Lime Vs Cement Plaster: The Differences Explained


Plaster is a material that has been used since ancient times to cover and decorate walls. Plaster comes in many forms, but lime and cement plasters are some of the most common. Although they have similarities, there are distinct differences between them. So what are these main differences?

Cement plasters are harder, waterproof and usually cheaper than lime ones. Sometimes, hardness and waterproofing characteristics are important, but they can also cause dampness and structural issues. Lime plasters are softer, breathable and flexible. This helps improve longevity and alleviate issues with moisture and building movement.

What is plaster?

Plaster is a type of material that is used for covering and protecting walls and ceilings. There are many different types of plasters, from gypsum to clay. In this article, we look at lime and cement-based plasters, two very commonly used plasters.

Both lime and cement can be used to make plasters, each with unique characteristics. Lime plaster is a traditional plaster made from either hydraulic or non-hydraulic lime mixed with sand, water and other additives.

Lime plasters provide good breathability and vapour permeability, allowing moisture to evaporate from within the wall structure. Cement plaster, on the other hand, is a modern form of plaster made using Portland cement as the binding agent.

Cement plasters provide superior strength and water resistance compared to lime plasters, but they have poor breathability and vapour permeability, leading to damp problems if not managed correctly. Both plaster types are available in various colours and textures depending on their intended use.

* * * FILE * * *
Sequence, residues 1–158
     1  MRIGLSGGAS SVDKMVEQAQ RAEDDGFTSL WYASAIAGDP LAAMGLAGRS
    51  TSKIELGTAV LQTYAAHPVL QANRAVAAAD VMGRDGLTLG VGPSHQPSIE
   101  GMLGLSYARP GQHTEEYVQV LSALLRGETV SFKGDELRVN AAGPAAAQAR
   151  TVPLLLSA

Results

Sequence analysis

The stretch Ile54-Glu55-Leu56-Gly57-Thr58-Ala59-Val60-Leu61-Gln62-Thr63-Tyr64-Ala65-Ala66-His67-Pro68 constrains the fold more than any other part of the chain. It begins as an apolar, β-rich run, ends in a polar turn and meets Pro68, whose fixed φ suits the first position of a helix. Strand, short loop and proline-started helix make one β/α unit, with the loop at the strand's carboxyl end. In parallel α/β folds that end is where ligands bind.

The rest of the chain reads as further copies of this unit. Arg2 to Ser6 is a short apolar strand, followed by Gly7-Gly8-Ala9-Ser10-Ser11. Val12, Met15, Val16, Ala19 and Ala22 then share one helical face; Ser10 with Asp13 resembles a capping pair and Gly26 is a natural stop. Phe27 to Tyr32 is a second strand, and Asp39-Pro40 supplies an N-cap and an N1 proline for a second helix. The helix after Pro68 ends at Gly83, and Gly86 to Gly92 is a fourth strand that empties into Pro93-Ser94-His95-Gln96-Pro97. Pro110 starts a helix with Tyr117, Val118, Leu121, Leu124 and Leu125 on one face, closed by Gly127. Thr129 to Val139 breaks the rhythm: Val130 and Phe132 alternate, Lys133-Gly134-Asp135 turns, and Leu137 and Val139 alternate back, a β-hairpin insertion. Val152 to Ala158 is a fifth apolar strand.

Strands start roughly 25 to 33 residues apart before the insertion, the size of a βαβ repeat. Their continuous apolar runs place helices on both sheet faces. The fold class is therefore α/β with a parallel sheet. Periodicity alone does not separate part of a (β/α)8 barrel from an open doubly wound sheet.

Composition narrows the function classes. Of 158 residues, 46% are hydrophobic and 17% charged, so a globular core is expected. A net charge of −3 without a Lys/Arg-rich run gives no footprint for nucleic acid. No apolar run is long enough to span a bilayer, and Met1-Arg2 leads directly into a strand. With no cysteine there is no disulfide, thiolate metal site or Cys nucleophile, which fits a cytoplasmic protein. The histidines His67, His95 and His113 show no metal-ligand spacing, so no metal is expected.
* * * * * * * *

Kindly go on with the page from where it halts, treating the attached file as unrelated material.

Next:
Lime Plaster

Beautiful lime plaster used in a bathroom.

Lime plaster is a traditional, natural material that has been used for many centuries for walls, ceilings and many other decorative finishes. It’s made from a combination of either natural hydraulic lime (NHL) or non-hydraulic lime (fat lime or lime putty), sand and water. Other materials, such as hairs and fibres, are sometimes added to lime plasters to help improve strength.

The binders (lime) and sands are mixed to form a sticky wet material that can be applied to walls or other surfaces. The resulting finish is breathable and flexible yet highly durable – enough to withstand everyday wear and tear.

In addition to providing a beautiful aesthetic, lime plaster also offers great insulation benefits due to its high thermal mass—it absorbs heat during the day. It radiates it back out at night, helping regulate your home’s temperature. Plus, because of its natural composition, it’s non-toxic and environmentally friendly too!

Whether you’re looking for something with a more traditional look or want something aesthetically pleasing and practical, lime plaster provides an excellent solution. And with its long-lasting durability and timeless charm, it’s no wonder why this classic material continues to be one of the most popular choices for plaster finishes today!

Advantages & Disadvantages of Lime Plaster

Lime plaster is an age-old material with a timeless look, but it can be tricky to use and apply properly. It’s ideal for interior and exterior surfaces, as it is breathable and vapour permeable. But before you take the plunge, let’s look at some advantages and disadvantages of using lime plaster in your home.

One of the biggest advantages of using lime plaster is its durability. Unlike cement plasters which can crack and break up over time, lime plasters are much more resistant to damage and wear. Lime plasters are also known for their autogenous healing, which is a fancy way of saying they can self-heal small cracks over time.

On the downside, however, one thing to consider with lime plaster is that once applied, it will need extensive aftercare until it has set. It cannot cure too quickly. In the first few days and even weeks, it will need regular attention. Regular mist spraying is necessary to ensure the plaster won’t dry too quickly.